Lead paint halts refit work inside Canada's oldest coast guard vessel
Areas where lead paint was discovered have been sealed off, but other maintenance work on Hudson is underway
Refit work has been halted inside parts of the venerable Canadian Coast Guard Ship Hudson after lead paint was discovered during maintenance work at a St. John's shipyard.
Canada's storied 56-year-old offshore ocean science vessel has been hauled out of the water for a life extension refit in an effort to keep the ship at sea until 2024, which is when a replacement is scheduled to enter service.
Coast guard spokesperson Stephen Bornais said interior spaces where the lead paint was discovered have been sealed off, but other planned maintenance work on Hudson is underway.
"The coast guard is working with multiple parties, including Health Canada, occupational safety and health, unions and the shipyard," Bornais said in an email.
"Air quality testing is being carried out and blood testing was made available to all employees working in the affected area."
It's not clear what is being done in areas where "containment measures have been put in place."
Bornais said the coast guard is working with the shipyard, Public Services and Procurement Canada, and Health Canada to determine next steps.
In the middle of a $10M refit
Hudson is undergoing a $10-million refit at St. John's Dockyard Ltd, known as NewDock.
The shipyard is replacing steel and repairing various areas of the vessel's decks and tanks.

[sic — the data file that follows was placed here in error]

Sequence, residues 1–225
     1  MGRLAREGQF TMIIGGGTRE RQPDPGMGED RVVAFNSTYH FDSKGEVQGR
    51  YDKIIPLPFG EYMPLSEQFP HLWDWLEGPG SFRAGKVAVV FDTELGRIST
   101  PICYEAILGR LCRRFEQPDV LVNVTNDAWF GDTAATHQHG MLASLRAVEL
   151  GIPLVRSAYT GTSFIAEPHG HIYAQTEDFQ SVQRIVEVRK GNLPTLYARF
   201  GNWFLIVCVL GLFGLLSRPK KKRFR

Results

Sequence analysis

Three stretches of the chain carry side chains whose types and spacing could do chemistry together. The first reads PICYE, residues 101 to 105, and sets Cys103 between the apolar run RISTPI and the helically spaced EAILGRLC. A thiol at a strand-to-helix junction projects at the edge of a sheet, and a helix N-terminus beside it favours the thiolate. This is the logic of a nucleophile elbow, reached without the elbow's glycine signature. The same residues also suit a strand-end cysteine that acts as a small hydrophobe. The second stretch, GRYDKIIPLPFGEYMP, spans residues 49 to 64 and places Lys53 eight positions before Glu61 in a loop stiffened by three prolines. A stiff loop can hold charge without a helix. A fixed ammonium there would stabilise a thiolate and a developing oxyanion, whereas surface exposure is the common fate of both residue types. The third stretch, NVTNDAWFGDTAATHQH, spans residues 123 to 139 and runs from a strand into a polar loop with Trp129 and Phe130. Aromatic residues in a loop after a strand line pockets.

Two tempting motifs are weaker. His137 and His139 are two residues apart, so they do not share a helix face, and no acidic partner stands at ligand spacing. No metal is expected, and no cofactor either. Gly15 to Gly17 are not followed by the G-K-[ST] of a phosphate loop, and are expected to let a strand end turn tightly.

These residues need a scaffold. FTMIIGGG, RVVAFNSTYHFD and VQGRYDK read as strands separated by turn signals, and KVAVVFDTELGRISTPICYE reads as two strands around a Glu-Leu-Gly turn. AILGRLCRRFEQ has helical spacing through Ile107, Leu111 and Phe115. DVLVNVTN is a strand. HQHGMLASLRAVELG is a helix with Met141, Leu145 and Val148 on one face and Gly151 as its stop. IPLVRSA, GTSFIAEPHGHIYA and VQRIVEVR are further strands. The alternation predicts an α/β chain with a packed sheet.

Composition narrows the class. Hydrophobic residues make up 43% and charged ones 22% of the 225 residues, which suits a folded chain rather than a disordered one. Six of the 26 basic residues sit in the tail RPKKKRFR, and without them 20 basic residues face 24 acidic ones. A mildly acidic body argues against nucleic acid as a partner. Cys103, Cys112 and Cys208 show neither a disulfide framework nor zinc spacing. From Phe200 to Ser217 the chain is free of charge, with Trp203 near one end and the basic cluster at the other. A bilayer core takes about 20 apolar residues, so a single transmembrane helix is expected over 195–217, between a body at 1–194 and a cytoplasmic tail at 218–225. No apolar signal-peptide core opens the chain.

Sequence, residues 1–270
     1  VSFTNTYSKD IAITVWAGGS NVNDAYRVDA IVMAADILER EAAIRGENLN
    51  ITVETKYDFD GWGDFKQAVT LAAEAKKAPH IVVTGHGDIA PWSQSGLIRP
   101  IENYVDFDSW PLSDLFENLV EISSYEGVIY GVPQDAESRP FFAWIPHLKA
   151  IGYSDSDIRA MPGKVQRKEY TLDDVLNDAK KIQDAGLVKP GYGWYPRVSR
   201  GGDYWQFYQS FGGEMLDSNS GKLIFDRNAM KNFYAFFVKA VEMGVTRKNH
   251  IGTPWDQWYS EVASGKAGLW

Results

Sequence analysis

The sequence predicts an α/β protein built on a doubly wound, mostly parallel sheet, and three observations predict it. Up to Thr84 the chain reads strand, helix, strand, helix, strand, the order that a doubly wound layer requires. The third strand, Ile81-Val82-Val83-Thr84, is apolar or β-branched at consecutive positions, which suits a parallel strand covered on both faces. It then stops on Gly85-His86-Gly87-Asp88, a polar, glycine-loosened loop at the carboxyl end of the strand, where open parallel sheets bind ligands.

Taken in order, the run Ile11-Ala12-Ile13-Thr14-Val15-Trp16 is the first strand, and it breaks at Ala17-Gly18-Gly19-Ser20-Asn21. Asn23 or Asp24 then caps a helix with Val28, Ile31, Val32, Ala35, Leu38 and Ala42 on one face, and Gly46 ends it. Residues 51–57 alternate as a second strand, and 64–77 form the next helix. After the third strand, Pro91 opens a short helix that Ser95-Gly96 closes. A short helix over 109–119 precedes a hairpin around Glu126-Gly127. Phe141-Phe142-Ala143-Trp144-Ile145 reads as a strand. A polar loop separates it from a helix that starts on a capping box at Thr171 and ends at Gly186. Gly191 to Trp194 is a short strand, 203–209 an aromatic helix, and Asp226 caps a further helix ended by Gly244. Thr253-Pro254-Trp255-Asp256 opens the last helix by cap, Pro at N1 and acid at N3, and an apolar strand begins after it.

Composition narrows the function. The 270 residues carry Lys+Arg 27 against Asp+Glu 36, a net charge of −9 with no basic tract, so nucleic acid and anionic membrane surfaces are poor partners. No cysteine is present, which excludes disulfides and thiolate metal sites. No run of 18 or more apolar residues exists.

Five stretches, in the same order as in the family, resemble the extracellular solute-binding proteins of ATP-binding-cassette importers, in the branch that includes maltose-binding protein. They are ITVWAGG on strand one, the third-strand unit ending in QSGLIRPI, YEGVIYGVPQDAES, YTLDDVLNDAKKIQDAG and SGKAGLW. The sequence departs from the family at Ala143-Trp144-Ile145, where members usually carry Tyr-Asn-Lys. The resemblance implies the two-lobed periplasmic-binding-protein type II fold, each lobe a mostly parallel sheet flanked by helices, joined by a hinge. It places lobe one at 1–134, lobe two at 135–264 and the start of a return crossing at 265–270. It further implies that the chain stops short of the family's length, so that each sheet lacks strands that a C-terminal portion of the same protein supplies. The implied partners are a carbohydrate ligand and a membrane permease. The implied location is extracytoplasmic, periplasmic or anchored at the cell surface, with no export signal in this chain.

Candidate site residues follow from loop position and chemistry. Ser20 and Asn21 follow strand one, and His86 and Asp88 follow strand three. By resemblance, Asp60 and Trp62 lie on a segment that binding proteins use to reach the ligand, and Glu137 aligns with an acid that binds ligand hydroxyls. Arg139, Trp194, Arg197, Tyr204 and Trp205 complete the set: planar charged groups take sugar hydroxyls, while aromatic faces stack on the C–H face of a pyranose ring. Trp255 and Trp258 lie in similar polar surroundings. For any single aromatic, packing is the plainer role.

Work began on Feb 25, 2019, and is scheduled to be completed this fall.
Hudson will return to its Halifax base at the Bedford Institute of Oceanography and will undergo more maintenance work at the dock.
The ship is still forecast to be back in service by April 2020.
Troubled refit for a storied ship
The refit at NewDock is Phase 2 of a life extension for CCGS Hudson.
Phase 1 was carried out in 2017 by Heddle Marine in Hamilton.
The $4-million refit was five months behind schedule and still unfinished when the government towed the Hudson out of the shipyard rather than risk having it trapped for months by the winter closure of the St. Lawrence Seaway.
The delay forced DFO to spend $2.5 million chartering vessels to carry out science missions on the East Coast of Canada because Hudson was unavailable.
The ship has a storied past. In 1970, it became the first ship to sail around North and South America.
Hudson was supposed to be replaced 5 years ago
The Hudson was supposed to be replaced as early as 2014 as part of the national shipbuilding strategy, but the project to build a new offshore oceanographic science vessel at Vancouver's Seaspan shipyard is behind schedule as the yard works on two navy supply ships.
Earlier this year, Global News reported that the Davie Shipyard in Quebec had told the federal government it would not bid on the latest life extension refit job, saying the Hudson was beyond repair.